That may get them clean on its own, but I always use a specialist footwear cleaner like Grangers Footwear + Gear Cleaner as well. You just spray it on and wipe it off with a wet, clean soft cloth.

How to clean the outside of suede and nubuck hiking boots

Suede and nubuck boots have a unique texture that appeals to many hikers. They are both types of leather.

Suede is a type of leather made from the underside of the animal skin, giving it a soft surface. It is generally softer, thinner, and not as strong as full-grain, traditional leather. Nubuck is also a soft leather made from the top grain of animal hide, like standard leather. Nubuck is then sanded down to give it a smooth finish. Due to the nap and softness, one side effect is that dirt clings more to them than to smooth leather.

To keep them looking great, brush off any loose mud and dirt using a specific 4-sided suede and nubuck brush.

That may get them clean on its own, if not use a specialist footwear cleaner like Grangers Footwear + Gear Cleaner as well. You just spray it on and wipe it off with a wet, clean cloth. Or you can use Nikwax Footwear Cleaning Gel, which you sponge on and rinse with clean water. Again, as with leather, try not to use too much water, as that can affect the shape of the uppers. Wipe off any residue with a damp soft cloth.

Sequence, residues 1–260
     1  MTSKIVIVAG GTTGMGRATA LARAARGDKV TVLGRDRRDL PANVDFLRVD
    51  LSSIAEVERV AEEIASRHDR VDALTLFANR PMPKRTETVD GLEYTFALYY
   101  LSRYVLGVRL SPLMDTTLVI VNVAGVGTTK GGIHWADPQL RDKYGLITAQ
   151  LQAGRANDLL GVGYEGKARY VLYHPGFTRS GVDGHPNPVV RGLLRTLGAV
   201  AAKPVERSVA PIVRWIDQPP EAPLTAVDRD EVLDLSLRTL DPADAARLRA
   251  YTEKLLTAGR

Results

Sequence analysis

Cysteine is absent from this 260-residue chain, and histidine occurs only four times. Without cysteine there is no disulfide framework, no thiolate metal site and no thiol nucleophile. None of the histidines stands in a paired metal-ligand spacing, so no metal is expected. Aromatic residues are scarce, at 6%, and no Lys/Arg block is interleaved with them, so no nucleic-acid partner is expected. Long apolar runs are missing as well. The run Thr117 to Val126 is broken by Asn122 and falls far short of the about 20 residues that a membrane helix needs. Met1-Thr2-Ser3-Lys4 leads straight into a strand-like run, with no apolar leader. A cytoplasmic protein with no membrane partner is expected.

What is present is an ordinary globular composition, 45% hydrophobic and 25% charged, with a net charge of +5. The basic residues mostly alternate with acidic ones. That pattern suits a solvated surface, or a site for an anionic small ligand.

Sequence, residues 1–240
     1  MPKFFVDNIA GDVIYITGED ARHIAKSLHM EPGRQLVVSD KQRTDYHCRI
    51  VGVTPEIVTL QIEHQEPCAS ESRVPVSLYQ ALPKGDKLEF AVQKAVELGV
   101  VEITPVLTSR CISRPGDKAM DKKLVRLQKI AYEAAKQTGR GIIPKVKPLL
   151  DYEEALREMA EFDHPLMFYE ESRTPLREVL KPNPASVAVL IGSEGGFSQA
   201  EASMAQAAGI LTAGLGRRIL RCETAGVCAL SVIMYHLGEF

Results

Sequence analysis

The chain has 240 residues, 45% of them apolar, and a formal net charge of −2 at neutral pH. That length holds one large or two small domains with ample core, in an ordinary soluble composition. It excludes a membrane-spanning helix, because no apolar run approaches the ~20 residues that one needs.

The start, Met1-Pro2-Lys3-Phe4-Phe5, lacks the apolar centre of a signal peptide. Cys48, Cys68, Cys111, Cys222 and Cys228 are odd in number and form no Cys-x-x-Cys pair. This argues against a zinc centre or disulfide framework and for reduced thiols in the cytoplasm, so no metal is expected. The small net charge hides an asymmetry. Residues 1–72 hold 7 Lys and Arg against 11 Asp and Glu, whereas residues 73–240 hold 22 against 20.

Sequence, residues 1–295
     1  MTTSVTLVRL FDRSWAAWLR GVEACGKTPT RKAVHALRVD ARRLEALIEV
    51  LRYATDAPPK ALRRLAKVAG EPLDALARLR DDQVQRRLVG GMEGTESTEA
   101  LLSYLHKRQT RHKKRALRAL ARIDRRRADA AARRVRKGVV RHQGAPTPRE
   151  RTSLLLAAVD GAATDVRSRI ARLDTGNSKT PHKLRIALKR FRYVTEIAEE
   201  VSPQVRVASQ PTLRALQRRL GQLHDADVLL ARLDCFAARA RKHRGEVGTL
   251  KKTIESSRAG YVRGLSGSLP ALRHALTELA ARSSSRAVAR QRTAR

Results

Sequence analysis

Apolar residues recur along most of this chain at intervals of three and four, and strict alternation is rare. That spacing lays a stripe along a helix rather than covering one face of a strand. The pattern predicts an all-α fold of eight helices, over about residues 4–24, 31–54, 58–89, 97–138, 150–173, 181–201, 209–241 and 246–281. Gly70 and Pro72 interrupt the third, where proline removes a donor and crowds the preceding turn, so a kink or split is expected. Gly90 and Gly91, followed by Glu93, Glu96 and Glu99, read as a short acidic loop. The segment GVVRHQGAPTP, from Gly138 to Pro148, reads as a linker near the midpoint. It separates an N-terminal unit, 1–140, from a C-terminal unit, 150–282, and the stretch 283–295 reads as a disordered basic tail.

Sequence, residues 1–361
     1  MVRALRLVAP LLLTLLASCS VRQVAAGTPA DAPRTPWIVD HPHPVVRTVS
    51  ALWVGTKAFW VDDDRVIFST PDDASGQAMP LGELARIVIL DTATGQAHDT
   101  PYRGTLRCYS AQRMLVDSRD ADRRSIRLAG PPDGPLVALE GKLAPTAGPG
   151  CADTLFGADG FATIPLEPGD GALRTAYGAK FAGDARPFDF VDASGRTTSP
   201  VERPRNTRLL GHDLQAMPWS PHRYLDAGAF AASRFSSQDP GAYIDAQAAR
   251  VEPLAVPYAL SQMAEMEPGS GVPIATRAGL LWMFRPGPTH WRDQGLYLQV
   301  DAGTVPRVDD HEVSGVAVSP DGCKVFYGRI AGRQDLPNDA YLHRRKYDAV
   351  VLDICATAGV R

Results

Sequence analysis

How to clean the outside of synthetic boots

Synthetic walking boots are popular due to them being lightweight, breathable and quick-drying. They often include Gore-Tex or eVent waterproof membranes. They are a great choice for those who prefer not to use animal products such as leather.

To clean, brush off any loose mud and dirt with a brush. Many household semi-stiff cleaning brushes will do this, but you can buy a specific Grangers Footwear Brush or a Nikwax Shoe Brush that will do the job.

Scrub and rinse your boots with warm water. That may get them clean on its own, but I always use a specialist footwear cleaner like Grangers Footwear + Gear Cleaner as well. You just spray it on and wipe it off with a wet, clean cloth. Or you can use Nikwax Footwear Cleaning Gel, which you sponge on and rinse with clean water.

Waterproofing and re-proofing hiking boots

Waterproofing and re-proofing your hiking boots are necessary steps to ensure their longevity and performance. If you start to notice water is soaking into the outer fabric of the boot, rather than beading off, it's time to give your walking boots a re-proof.